How To Start Blogging

Get writing!You know when a theme is developing in your life when the same sort of thing keeps cropping up. Well, I don’t know if twice in succession qualifies, but I’m going to go with it anyway. Yesterday I was catching up on my podcasts, and listened to a Grammar Girl episode entitled “How to get started blogging”. Then today I ran my blogarizer spreadsheet and was directed to an article entitled “10 must-use tips for beginning bloggers”. OK, enough already: I can take a hint.

Both articles are pretty good, in a general sense. Mignon Fogarty, the “Grammar Girl”, deals with knowing your audience, finding good, and reliable, information, and how to build your audience. Melissa Tamura, author of the 10 tips post, also talks about knowing your audience and, in essence, how to grow it.

I’d like to come at this from a different angle or, to be more precise, to emphasise different aspects of blogging. Here goes:

  1. Start blogging. That’s right, just start. Stop navel-gazing, second-guessing the universe and playing “what-if?” games. Just start. Creating a new blog in something like Blogger takes all of five minutes. In fact, the most difficult part is thinking of a witty and memorable name.
  2. Definitely define your audience, but start with yourself. What I mean by that is, write the kind of articles that you would find most interesting/enjoyable/useful to read. Then your blog will probably go one of two ways: either extremely eclectic, which stands a good chance of attracting a wide variety of people, or extremely focussed. Those two are not mutually exclusive, by the way. I think that latter possibility warrants a bullet point of its own…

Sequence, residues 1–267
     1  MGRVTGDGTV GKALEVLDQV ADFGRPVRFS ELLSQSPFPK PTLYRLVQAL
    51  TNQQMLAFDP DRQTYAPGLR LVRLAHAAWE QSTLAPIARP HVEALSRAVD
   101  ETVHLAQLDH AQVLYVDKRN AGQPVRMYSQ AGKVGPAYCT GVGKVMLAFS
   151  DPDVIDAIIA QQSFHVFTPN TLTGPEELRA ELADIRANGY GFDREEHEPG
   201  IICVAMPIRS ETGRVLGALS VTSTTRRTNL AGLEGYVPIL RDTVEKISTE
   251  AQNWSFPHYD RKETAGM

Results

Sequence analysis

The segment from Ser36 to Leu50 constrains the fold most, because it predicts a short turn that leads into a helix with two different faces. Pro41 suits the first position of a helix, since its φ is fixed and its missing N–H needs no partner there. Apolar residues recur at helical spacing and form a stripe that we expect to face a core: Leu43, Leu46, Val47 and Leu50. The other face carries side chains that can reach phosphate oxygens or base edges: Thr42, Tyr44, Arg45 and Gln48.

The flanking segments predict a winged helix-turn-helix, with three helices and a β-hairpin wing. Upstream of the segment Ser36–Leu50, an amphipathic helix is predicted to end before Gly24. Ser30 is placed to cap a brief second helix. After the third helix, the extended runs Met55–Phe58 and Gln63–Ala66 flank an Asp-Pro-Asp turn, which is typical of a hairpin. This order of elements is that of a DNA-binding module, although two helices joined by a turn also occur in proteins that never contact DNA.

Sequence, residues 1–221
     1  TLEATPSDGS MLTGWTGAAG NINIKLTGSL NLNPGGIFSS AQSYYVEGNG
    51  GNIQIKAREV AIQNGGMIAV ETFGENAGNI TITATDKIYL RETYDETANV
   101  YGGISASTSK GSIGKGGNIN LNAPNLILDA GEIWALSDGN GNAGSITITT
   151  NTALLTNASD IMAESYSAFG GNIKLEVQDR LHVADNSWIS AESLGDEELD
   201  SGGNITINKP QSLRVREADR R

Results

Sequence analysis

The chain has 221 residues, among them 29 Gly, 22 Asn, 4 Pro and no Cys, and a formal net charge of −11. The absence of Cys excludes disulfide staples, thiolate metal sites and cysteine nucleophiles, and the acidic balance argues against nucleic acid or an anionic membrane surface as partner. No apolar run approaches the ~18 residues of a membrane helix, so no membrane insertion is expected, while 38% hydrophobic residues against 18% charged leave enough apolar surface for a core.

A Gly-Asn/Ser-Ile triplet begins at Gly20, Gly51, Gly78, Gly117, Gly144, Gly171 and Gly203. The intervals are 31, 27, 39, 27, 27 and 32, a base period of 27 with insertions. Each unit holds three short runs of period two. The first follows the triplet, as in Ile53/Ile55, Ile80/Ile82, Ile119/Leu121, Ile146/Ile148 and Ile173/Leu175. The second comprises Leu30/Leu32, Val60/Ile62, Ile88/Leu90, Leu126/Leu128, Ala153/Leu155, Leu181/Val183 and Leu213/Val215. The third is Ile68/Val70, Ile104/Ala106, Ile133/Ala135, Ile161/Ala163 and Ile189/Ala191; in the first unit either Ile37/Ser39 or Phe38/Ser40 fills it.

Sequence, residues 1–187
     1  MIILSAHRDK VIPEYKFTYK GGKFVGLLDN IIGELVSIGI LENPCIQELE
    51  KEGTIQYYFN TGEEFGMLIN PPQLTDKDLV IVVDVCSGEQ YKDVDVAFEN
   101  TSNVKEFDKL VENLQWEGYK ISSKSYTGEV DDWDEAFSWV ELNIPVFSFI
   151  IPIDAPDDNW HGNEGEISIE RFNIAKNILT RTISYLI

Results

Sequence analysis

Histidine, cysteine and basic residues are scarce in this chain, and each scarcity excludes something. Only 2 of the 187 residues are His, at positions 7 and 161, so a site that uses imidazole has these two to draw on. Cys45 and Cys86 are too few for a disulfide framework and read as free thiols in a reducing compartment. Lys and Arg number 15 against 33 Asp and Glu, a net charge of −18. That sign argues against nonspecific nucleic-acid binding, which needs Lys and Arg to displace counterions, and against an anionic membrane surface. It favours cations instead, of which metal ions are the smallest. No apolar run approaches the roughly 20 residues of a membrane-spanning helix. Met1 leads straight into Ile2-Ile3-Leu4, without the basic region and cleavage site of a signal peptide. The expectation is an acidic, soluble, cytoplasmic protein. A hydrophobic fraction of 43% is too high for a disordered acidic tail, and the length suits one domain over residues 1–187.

3. Be extremely focussed. I mean extremely focussed. From time to time I receive comments from people along the lines of they have nothing unique to blog about. That’s plain wrong, because everyone is unique in some way. For example, you might be the only art teacher in your town who takes their class on a virtual art gallery tour every week. How does that work? How does a virtual gallery visit stack up against a real life one? I don’t know from first-hand experience what the answers to these questions are. But you do.
  4. Put your audience first. I think if you’re going to write for an audience, you should at least try to make reading your work a pleasant experience. This is all highly personal and subjective, of course, but for me the two things I really can’t abide is swearing or implied swearing, and writing which is about as interesting as the list of ingredients on a packet of cornflakes. There’s no need for the former, and you can improve on the latter by analysing what it is you like about the writing of the blogs, magazines, newspapers, authors you read on a regular basis.

But the most important one of these, if you’ve decided or almost decided to start your own blog is the first one: just do it!

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How to Randomize Your Blog Reading

OK, I know it's ridiculous, but I am currently subscribed to 829 blogs. That means if I checked one per day it would take nearly three years to get through them all. What I ought to do is go through them, and be absolutely ruthless about weeding out the ones I don't read as often as I should. Erm, that would be all of them then.

Or perhaps I should ditch the ones I don't like too much. But I often read blogs I don't like because they are useful sometimes.

So I've decided that the only answer to a ridiculous problem is a ridiculous solution: I have decided to experiment with randomizing my blog reading. Here's how it works, using Excel.

Setting up the random blog post generator

Extract from my blog list

  1. Open Excel and start a new workbook.
  2. Open your RSS feed reader.